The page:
Alabama moves toward the 2010 season hoping to defend their national title but do so under the cloud of an NCAA investigation into at least one of their top players.  While the Tide offers outstanding next level talent, a few of their well known underclassmen prospects are overrated in our opinion.  Here’s a breakdown of the team favored to bring home the trophy for the second consecutive year.

Experience has shown that winning the Heisman Trophy does not necessarily translate into success on the NFL level.  Nothing could be further from the truth for the 2009 recipient, Mark Ingram.

A complete ball carrier, Ingram has a nice combination of size, speed and power.  He consistently runs north/south, shows incredible strength in his lower body and easily breaks tackles, staying on his feet, then quickly regaining balance to pick up extra yardage.  Ingram also runs smart, showing patience, picking and choosing his spots besides displaying the ability to cut back into the open field.  He hits the hole hard, has a burst and runs with authority.  Though not a real elusive or creative runner, Ingram possesses better than average corner speed.    He’s a top-flight prospect for the next level.

Receiver Julio Jones is highly rated by many and though we like his skills, Jones’ game has a number of flaws.  He displays strong hands, plucks the fastball from the air and quickly transitions from making the reception to running after the catch.  He’s tough to bring down running after the reception, has opposing defensive backs playing back on their heels and can be an effective downfield blocker when he gives effort.  That said Jones loses out in battles too often, loses concentration and drops some very catchable throws.  When our top 25 for 2011 was initially posted in May we ranked Jones as the third best NFL prospect in the nation.  That will soon change as he will drop after extensive film review.

Offensive lineman James Carpenter is a college left tackle better off in confined quarters.  Carpenter makes good use of blocking angles and is a solid position blocker that bends his knees and works to play with leverage.  Strong at the point, he easily controls defenders once engaged in a block. Carpenter is heavy footed and struggles sliding out to protect the edge at left tackle. We think he’ll get looks on the right side or at guard in camp next year.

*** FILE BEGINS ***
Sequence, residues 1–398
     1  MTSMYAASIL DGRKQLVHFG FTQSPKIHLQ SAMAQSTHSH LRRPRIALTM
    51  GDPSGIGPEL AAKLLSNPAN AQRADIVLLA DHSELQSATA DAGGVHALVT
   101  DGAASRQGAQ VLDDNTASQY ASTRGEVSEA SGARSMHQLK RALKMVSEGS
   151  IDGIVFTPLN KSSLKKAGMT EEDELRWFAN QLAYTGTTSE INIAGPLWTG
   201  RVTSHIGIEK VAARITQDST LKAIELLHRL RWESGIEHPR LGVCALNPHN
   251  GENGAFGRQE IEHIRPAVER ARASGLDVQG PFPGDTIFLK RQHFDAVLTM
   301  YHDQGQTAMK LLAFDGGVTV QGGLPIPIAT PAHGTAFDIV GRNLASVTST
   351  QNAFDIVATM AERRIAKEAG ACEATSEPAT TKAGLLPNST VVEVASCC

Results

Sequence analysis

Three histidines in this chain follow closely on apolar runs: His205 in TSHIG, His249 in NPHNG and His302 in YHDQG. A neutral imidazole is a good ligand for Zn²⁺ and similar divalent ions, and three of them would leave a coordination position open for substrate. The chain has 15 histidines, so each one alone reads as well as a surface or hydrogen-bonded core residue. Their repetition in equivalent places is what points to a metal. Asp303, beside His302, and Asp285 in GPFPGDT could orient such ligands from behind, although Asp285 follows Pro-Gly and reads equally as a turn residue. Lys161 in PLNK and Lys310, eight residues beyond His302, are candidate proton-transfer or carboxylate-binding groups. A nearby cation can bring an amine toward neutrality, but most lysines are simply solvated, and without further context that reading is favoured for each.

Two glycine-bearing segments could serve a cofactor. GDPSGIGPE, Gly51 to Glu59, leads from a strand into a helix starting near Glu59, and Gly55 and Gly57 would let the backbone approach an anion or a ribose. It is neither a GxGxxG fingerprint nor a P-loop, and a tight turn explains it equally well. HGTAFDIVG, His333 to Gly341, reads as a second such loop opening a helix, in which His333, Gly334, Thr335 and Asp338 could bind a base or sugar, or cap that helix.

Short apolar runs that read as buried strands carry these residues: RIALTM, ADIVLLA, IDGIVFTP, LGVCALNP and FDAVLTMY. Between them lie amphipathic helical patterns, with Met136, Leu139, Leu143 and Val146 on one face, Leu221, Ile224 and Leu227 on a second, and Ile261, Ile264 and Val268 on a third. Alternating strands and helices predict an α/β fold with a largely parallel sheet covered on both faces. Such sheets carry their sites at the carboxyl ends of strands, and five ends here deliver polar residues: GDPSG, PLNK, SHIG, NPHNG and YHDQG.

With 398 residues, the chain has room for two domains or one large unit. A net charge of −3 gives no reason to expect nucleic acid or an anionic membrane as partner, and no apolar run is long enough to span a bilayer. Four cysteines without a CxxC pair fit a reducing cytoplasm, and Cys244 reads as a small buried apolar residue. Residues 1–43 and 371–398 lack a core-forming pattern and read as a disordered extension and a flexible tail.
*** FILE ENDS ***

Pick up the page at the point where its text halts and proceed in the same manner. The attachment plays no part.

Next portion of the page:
Marquis Maze is a terrific prospect who shows solid downfield speed, runs good routes yet struggles in battles.   He’s a great compliment to Jones and a potential number four at the next level.

Defensively Marcell Dareus is another Tide junior who is going to take a hit on our draft board.  Dareus flashes power, strength at the point and holds his ground against blocks.   Playing low to the ground, he works his hands throughout the action and can be a menacing force at tackle or end.  Dareus moves well on his feet and strings plays to the sidelines.  That said he does not always seem to chase the action hard and we feel he should be more forceful and productive than he is.  The recent NCAA probe looms large as to whether or not Dareus takes the field this season.

Mark Barron is a terrific prospect and a safety effective against the run and pass.  Very effective in zone coverage, Barron is aggressive but also remains disciplined with assignments in zone.  He’s a strong open field tackler and forceful up the field on the blitz.   He’s also sized well and offers a good amount of upside.

Alabama Pro-Prospects

Round Full Name Pos Number Year
1st Mark Ingram RB 57 3Jr
1st Marcell Dareus DE 22 3Jr
1st Julio Jones WR 8 3Jr
3rd Mark Barron S 4 3Jr
3rd Don’ta Hightower OLB 30 3Jr
6-7 James Carpenter T 77 4Sr
FA Marquis Maze WR 4 4Jr
FA Darius Hanks WR 15 4Sr
FA Greg McElroy QB 12 5Sr
FA William Vlachos C 73 4Sr

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The eyes of the draft world will be focused on Ryan Mallet at Arkansas this season, the Razorbacks big time, quarterback prospect.  And though most will be paying attention to the big passer, the offense does offer other prospects that must be watched.

The argument could be made that Ryan Mallett has more upside than any other NFL quarterback prospect in the nation.  Then again there’s reason to say his game holds an equal amount of downside risk.

Mallett is a statuesque pocket passer with great size and the arm to match.  He can drive the ball with a flick of the wrist, flashes the ability to throw strikes down the field and puts the ball in front receivers, letting them run to the pass.  He shows toughness in the pocket, stands in strong against the rush and does a nice job commanding the offense.  He also shows indecision in the pocket, makes some questionable throws on occasion and must improve his accuracy.  Mallett throws with an exaggerated motion which leads to passes ending up behind receivers or high of the mark.  He has the physical tools to be a big time prospect but his poor mechanics and marginal accuracy are worrisome.